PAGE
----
Over the course of the previous five blog entries, the BLK360 and I made our way from the northernmost islands of the North Sea to the nethermost islands of the Mediterranean on something of a laser scanning ‘grand tour’. From the Neolithic Ness settlements of Orkney to the mountaintop Medieval fortresses of the Occitanie, from the beefy Bronze Age nuraghe of Sardinia to the mysterious megalithic temples of Malta; the scanner and I surveyed a broad temporal and spatial span over four months on the European continent
One last set of stony structures awaits us in this post as we venture into the low winter glare of the Tuscan sun to discover the oft-overlooked remnants of the Etruscan civilization on the Italian mainland. Join me in traipsing through olive groves and ascending a volcanic butte to document the evidence of this impressive culture before a fitting coda amidst the more thoroughly represented landmarks of Rome and Florence.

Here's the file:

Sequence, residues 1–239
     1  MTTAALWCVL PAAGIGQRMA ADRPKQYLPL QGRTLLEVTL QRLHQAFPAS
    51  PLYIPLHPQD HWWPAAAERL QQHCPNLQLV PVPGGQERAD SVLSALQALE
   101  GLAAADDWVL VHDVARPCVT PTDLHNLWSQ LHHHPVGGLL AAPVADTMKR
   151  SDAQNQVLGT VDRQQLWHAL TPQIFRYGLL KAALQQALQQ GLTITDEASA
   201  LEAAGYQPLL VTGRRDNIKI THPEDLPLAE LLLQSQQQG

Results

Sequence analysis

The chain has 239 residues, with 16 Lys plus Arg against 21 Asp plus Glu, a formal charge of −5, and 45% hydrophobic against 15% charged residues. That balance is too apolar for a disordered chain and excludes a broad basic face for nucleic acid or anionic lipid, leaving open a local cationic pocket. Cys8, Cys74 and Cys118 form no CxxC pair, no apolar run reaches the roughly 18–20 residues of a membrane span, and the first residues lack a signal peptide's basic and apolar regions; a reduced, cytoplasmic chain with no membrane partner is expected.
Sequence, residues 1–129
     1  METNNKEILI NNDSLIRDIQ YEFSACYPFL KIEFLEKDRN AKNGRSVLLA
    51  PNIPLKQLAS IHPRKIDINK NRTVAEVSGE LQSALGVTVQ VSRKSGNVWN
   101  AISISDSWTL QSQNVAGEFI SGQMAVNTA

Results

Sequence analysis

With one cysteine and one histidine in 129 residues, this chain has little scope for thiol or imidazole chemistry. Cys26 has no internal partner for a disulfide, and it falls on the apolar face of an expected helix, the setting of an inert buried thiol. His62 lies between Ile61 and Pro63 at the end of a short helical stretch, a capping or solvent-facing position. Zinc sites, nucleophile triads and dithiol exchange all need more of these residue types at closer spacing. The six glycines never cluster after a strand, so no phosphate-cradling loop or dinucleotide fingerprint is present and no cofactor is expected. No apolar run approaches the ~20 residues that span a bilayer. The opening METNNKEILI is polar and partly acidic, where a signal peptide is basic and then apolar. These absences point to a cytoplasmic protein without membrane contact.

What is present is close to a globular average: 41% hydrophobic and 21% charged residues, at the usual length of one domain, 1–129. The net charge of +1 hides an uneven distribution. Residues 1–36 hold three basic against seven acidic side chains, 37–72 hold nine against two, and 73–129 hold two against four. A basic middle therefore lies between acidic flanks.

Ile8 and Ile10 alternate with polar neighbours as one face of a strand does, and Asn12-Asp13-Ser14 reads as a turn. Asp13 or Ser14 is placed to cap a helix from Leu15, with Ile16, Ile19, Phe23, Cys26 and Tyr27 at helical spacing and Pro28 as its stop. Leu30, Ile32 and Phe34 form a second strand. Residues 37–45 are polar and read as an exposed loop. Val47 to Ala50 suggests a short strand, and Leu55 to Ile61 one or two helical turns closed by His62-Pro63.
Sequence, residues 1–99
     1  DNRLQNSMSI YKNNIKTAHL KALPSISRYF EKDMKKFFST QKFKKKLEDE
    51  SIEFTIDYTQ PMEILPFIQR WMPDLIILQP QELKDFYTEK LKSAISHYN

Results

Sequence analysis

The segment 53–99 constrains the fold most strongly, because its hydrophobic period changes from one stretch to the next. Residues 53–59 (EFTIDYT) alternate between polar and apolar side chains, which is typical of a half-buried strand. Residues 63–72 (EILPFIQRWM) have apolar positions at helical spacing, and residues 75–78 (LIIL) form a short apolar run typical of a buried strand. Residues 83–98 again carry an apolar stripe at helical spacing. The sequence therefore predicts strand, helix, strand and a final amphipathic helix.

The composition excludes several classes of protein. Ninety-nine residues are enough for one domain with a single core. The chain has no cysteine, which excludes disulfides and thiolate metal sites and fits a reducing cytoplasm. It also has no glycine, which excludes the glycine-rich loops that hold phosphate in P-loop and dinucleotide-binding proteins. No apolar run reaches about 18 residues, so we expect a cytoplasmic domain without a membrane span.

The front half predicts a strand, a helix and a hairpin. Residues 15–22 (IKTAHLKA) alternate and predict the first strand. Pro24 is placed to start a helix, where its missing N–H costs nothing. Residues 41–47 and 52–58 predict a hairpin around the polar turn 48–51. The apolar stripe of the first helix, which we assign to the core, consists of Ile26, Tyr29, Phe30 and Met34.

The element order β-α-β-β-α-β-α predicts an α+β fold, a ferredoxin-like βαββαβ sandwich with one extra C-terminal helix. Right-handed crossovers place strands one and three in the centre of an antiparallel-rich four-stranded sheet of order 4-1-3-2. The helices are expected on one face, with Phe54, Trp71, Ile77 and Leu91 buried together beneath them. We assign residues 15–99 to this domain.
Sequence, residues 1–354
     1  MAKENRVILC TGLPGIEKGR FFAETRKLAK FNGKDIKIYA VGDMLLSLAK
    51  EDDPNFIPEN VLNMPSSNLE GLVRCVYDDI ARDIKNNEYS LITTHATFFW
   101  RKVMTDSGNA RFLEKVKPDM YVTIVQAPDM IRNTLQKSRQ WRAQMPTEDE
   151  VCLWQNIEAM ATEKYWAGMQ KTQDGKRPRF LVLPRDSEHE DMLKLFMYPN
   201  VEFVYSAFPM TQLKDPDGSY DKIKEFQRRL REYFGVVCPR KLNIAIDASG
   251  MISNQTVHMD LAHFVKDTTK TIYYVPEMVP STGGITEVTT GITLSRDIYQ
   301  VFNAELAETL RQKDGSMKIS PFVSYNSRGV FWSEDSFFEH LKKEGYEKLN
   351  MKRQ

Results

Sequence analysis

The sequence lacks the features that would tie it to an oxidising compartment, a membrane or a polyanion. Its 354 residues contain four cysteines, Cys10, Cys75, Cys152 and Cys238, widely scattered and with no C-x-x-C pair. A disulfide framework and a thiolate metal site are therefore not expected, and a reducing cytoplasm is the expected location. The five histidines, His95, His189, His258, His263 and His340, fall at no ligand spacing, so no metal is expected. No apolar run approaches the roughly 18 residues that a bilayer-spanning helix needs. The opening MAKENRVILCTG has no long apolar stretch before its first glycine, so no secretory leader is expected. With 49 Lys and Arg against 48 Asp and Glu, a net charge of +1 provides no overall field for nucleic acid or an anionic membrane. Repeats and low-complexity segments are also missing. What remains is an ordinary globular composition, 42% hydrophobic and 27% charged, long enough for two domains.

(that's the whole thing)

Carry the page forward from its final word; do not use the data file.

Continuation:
BLK360 Explores Evidence of the Etruscans
Often overshadowed by the cultural contributions of their predecessors, the Ancient Greeks and Romans, the Etruscans deserve a description beyond that of solely a bridge between these metaphorical piers (or, more literally, peers). The requisite brevity of a blog is far from accommodative, so suffice it to say that the Etruscan culture existed roughly between 900 and 90 B.C., developing a polytheistic religion, advancing arts including sculpture and metalcraft, and leaving behind numerous - albeit very short - inscriptions.
While the alphabet underpinning these texts is largely Greek, the sequence of these letters is not, leaving linguists scratching their heads and scrounging for mentions of Etruscan society by their Greco Roman contacts. Until further findings, then, it seems that the Etruscans are doomed to compare-and-contrast characterizations like kind-of Greek, sort-of Roman, and—by virtue of the ambiguity around their writings—more or less pre-historic.